Our train eventually clunked into Taitung City, the southeast region’s capital, and set about getting north to the waves. In particular, a surf spot called Jinzun Harbour. Jinzun is semi-well-known due to an annual longboard competition held there along with several QS events. Despite its fame in the surf world, the area is still quite under the radar for visitors.

Southern Taiwan is very different to the North. At first, it almost feels virgin. A single lane road, busy but with ever-present cycle lanes skirts the coast. We took this road as we left Taitung, home to some 100,000 people and its own baseball team. Buildings cluster around the main road at regular intervals. Small B&Bs, greengrocers, churches, schools, and shacks make up the small communities. All look like they haven’t been here long, yet are run down. The wealth has not trickled down this far. All the while the foaming Pacific broods just off the road and on the other side, jagged and verdant mountains dominate the skyscape. It feels like Hawaii or other Pacific islands. The sea and the mountains, with small communities holding on in between.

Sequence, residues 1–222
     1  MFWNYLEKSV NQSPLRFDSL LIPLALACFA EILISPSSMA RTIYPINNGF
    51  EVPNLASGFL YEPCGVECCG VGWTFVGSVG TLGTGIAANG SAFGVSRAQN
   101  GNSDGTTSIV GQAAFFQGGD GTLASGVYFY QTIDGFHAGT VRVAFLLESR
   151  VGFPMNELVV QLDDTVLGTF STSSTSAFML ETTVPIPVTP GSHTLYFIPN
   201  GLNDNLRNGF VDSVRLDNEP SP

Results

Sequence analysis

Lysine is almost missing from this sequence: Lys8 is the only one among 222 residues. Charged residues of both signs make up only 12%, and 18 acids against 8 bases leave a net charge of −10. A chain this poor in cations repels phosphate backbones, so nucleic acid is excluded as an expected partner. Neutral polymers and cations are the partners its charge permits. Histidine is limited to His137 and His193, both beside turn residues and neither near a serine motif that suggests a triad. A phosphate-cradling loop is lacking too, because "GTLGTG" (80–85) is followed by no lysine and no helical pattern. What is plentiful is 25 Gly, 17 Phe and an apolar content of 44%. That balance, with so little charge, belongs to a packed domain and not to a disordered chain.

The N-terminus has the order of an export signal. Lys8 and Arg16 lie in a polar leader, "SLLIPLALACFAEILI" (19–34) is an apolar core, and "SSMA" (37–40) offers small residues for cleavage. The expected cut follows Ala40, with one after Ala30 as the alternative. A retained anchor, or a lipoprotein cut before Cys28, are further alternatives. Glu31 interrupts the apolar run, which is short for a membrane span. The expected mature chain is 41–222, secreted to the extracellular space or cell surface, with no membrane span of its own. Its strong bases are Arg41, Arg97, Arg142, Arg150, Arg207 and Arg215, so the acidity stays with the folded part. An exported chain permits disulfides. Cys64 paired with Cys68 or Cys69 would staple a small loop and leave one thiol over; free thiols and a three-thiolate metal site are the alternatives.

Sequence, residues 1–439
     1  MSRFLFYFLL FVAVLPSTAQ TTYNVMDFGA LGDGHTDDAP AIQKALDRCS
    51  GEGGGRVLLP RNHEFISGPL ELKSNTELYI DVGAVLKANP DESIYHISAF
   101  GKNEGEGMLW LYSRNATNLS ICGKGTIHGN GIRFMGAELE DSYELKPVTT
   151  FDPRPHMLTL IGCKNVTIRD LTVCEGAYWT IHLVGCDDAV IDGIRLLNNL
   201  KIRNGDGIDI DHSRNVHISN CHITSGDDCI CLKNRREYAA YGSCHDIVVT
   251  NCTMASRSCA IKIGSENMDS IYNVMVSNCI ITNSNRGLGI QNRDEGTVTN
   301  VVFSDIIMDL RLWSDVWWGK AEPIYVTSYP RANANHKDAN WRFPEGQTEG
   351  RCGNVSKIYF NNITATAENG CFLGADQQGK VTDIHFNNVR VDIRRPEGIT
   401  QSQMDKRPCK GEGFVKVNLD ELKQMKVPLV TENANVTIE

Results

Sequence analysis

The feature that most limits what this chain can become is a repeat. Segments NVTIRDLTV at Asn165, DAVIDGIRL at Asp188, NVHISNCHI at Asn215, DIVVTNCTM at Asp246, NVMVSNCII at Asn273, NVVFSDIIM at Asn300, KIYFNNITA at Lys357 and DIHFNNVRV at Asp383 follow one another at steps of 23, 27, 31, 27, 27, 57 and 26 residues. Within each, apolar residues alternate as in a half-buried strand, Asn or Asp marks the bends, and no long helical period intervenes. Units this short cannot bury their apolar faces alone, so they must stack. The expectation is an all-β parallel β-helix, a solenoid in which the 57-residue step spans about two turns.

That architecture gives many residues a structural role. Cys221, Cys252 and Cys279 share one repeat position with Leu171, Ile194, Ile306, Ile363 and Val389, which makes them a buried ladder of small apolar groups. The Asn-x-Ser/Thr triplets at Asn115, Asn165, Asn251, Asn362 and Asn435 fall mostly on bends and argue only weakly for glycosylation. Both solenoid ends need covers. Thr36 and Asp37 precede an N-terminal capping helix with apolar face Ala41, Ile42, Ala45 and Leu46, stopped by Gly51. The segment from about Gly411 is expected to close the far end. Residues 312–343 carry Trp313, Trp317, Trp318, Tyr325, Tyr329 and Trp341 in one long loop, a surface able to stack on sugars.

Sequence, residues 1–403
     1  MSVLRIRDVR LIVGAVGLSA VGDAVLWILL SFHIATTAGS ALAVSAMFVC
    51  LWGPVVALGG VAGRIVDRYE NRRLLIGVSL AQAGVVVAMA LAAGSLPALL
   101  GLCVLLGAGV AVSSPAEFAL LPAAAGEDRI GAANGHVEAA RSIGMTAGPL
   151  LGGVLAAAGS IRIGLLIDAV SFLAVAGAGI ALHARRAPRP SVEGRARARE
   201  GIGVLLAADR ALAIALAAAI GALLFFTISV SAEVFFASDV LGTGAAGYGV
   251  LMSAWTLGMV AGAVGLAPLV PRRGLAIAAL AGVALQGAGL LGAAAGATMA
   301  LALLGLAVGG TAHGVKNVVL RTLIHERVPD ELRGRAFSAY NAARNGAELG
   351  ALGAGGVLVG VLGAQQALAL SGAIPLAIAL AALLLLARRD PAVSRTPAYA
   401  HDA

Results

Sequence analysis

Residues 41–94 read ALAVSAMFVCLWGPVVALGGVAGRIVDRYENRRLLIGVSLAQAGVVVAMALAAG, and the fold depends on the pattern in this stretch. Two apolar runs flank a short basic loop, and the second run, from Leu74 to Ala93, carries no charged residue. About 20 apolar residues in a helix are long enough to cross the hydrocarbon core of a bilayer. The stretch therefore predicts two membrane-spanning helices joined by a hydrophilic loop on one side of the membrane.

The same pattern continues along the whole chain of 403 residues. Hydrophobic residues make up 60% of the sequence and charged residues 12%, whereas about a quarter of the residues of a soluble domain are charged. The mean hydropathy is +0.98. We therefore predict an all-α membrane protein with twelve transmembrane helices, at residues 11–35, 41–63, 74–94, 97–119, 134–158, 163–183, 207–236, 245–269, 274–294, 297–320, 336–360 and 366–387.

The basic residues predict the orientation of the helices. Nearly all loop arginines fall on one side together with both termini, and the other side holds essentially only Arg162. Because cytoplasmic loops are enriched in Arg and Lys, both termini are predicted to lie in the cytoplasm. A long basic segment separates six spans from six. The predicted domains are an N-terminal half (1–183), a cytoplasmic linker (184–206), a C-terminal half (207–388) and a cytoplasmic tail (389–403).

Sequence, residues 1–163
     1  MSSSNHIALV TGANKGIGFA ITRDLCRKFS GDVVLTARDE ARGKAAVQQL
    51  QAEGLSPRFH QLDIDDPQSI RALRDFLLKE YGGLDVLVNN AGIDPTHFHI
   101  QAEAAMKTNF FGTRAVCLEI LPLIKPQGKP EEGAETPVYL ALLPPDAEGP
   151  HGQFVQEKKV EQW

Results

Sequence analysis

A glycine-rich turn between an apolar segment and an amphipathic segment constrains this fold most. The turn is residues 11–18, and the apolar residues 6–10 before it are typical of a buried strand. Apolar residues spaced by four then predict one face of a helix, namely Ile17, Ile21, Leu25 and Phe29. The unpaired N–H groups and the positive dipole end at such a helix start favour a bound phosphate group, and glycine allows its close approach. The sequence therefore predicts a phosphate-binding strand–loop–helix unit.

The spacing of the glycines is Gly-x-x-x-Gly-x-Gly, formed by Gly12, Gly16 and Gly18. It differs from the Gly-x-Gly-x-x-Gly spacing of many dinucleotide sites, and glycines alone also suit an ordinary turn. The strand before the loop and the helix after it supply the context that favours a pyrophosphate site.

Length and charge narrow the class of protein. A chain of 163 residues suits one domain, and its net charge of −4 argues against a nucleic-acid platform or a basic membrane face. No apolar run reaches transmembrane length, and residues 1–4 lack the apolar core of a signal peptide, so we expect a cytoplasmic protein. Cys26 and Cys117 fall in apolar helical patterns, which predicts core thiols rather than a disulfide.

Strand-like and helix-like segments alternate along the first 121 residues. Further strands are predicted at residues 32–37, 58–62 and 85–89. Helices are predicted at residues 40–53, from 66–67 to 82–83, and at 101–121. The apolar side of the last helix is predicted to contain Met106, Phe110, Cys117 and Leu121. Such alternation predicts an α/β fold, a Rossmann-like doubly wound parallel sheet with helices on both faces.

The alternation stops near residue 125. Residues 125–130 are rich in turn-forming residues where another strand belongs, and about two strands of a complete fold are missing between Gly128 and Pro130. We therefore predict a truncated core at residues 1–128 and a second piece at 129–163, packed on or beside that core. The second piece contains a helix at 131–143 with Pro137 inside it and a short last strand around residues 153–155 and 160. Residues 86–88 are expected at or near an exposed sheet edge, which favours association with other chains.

We posted up to our digs and I made the faux pas I frequently do in Asia – I went inside without taking my shoes off. The Taiwanese have a delicate way of living that makes an immediate impression; they are quiet, concerned with design and functionality. It is especially noticeable away from large cities. The houses are spacious, or perhaps seemingly so as clutter is kept to a minimum. Cleanliness may not be next to godliness, but it is certainly a high priority. Floors are impeccable (no doubt due to shoes being shod on entry) and noisy things (including people) are generally absent. Simple but effective. These measures create a sense of calm. The large room which took up the entire ground floor was the kitchen, bar, dining room and reading space. Tables were made from a local wood and a pleasant smell of freshly baked bread hung in the air. This was backed by a glorious garden full of palm trees and comfortable looking chairs with a sharp drop at the end of the beach, with the ocean just beyond. We were handed cups of hot water and briefed on the area by our landlady, Anita. While she spoke in a delicate Mandarin Chinese, I sipped my water and gazed out to the horizon. Only Liudao – green island – blocked the wide open ocean view. Waves broke on various rocky reefs just in front – unrideable, but showing there was a swell running. Darkness soon set in and we called it a day. The tropics put you in a good rhythm: rise with the sun, stay active during the daylight hours and turn in early when it gets dark. No need for watches, the sun will tell you what time it is.